I don't know why, and its certainly not your fault, but you seem to be purchasing Commercial type products. One thing to remember with primers is that they are designed to do much more than hide, and in some instances, they may not hide well at all because they are there for the sealing properties. I would go with SuperPaint for your future endeavors. Classic 99 is extremely old technology.
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Old 02-06-2008, 06:43 PM   #126
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Behr was ranked #1 (Home Depot) in paint by comsumer reports. Kilz paint was ranked #2 (Wal-Mart). Both companies are owned by Masco Corporation; and both are great primers. I used Behr for my office and bedroom. The key with paint is to always primer.
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Old 02-06-2008, 07:39 PM   #127
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Behr was ranked #1 (Home Depot) in paint by comsumer reports. Kilz paint was ranked #2 (Wal-Mart). Both companies are owned by Masco Corporation; and both are great primers. I used Behr for my office and bedroom. The key with paint is to always primer.
The latest report had a lot of paints number one. It depends on the finish, and I'm not sure what is meant by both are great primers. Standard repaints usually don't need primers.
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Old 02-07-2008, 08:43 AM   #128
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I'm not a fan of Behr or Kilz but I do have occasion to use them, such as if my customer already has the Behr or used a particular Behr custom colr that I have to go out and match. I think that if you're the average homeowner, you spend more actual hands-on time painting a room or whatever than a professional would and you're more patient throughout the process - after all, it's your very own patch of paradise - and you're expectations are going to be different as a non-pro. You're not making your living doing it day-in and day-out, month-after-month.

I'm not a professional painter by trade but I'm still a professional and if, after all is said and done, my customer's happy with the color and the finished product, who am I to say otherwise? They know I didn't make the paint. To sum it up, it's all relevant to one's expectations.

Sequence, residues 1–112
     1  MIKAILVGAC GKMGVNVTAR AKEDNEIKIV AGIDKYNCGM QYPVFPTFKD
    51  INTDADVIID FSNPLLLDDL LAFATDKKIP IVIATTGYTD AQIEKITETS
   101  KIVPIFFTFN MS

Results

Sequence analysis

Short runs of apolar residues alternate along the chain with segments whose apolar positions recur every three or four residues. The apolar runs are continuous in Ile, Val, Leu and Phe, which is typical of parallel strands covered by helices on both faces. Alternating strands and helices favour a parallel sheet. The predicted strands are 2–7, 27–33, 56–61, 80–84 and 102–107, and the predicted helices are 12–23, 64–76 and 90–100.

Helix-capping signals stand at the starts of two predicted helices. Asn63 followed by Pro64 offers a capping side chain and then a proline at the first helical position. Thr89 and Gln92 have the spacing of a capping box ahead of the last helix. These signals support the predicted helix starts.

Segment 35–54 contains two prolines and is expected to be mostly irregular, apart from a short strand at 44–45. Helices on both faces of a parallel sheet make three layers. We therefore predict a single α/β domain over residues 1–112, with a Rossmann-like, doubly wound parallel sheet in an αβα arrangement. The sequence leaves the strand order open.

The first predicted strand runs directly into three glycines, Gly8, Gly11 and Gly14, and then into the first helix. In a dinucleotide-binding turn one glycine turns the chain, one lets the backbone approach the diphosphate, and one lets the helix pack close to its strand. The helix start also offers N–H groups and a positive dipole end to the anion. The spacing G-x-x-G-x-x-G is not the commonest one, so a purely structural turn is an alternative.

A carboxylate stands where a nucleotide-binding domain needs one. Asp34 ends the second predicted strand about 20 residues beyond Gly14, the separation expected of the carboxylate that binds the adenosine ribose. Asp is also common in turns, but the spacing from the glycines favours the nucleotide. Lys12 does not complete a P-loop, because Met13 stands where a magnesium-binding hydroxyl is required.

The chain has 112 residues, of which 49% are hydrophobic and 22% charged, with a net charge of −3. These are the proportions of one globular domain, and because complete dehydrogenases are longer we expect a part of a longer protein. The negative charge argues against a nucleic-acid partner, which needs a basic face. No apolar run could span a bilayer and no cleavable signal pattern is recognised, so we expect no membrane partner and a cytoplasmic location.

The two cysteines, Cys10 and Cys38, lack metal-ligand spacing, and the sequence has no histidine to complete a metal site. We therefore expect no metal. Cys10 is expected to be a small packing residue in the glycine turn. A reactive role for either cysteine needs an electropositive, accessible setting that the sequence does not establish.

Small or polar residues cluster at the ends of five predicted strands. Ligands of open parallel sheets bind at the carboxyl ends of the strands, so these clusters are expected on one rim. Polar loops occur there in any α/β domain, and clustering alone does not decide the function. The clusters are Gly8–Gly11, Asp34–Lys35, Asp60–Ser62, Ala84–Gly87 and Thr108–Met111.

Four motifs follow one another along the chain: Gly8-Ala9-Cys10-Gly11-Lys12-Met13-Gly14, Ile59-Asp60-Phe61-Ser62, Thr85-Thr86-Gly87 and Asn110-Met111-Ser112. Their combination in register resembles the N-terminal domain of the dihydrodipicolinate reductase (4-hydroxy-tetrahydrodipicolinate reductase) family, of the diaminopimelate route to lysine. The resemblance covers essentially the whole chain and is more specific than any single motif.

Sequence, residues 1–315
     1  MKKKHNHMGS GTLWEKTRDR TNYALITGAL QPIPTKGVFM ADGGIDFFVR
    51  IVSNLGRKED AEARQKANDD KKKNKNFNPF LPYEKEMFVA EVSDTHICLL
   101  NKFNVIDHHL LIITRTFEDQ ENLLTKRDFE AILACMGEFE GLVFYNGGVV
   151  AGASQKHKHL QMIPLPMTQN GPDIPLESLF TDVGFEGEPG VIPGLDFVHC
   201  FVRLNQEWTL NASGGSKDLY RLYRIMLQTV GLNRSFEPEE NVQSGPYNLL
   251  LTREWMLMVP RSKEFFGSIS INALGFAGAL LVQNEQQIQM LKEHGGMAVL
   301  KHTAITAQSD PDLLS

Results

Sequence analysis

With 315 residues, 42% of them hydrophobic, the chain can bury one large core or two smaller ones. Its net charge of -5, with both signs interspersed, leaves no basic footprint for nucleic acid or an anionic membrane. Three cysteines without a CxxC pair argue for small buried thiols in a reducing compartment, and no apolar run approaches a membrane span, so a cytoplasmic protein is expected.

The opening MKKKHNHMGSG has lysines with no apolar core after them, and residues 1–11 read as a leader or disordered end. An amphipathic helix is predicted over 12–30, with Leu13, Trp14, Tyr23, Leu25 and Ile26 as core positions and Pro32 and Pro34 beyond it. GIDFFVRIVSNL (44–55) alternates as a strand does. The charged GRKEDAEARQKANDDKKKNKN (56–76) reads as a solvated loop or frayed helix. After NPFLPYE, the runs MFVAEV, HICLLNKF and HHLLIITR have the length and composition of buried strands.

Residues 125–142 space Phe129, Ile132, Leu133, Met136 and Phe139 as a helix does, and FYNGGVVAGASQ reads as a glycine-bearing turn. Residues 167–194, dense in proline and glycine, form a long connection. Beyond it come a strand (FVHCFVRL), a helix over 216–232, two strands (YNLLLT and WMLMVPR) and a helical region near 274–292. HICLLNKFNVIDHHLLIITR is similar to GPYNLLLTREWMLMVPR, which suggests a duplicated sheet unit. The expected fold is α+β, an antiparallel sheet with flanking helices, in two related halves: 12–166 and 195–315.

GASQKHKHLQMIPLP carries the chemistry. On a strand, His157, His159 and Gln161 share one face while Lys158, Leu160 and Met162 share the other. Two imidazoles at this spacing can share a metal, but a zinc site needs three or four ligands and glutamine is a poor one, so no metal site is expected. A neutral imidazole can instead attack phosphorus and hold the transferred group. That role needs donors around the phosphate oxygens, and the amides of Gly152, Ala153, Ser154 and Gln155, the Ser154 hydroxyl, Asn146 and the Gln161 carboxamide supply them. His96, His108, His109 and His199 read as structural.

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Old 02-11-2008, 08:59 AM   #129
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I was thinking the same thing yesterday while painting: I am a "professional homeowner", and I actually care how it turns out. $140 worth of Sherwin Willams Preprite 400 and mixed flat red. I was hating how bad the primer was going on and the color shade didn't turn out like the sample we wanted. This morning I was blown away at how it turned out. Way better than the Behr, Ralph Lauren, and whatever custom junk the PO had up on the walls. It did roll on nicer than I've ever seen paint lay. 3 coats and a coat of primer - nice and even, and none of the gloss chocolate underneath is bleeding through. I think we will go ahead and spend the extra $10-15 per gallon for results like this.
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Old 02-17-2008, 09:37 AM   #130
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Hey all I posted on 1/15/08 at 11:57 AM (post 103) and I was insistent that Behr was just fine. I had used Behr on my entire house. I never had any issues with it. I am a very meticulous painter. I noticed that the common "best brand" was Benajmin Moore, so I thought I'd give it a try to see what the fuss was about. I painted the nursery for my unborn child last night using Benjamin Moore paint. I used the flalt on the ceiling and the matte finish on the walls. I must admit that like it a lot more than Behr. It went on much more smooth, less splatter and the drying time was a bit faster, which made putting the second coat on much easier. I wake up this morning and the finish is amazing. I'm definately a BM fan now. I'm not so sure it it's worth $40 vs. $20 (Behr) per gallon, but I bet I can convince my wife of it!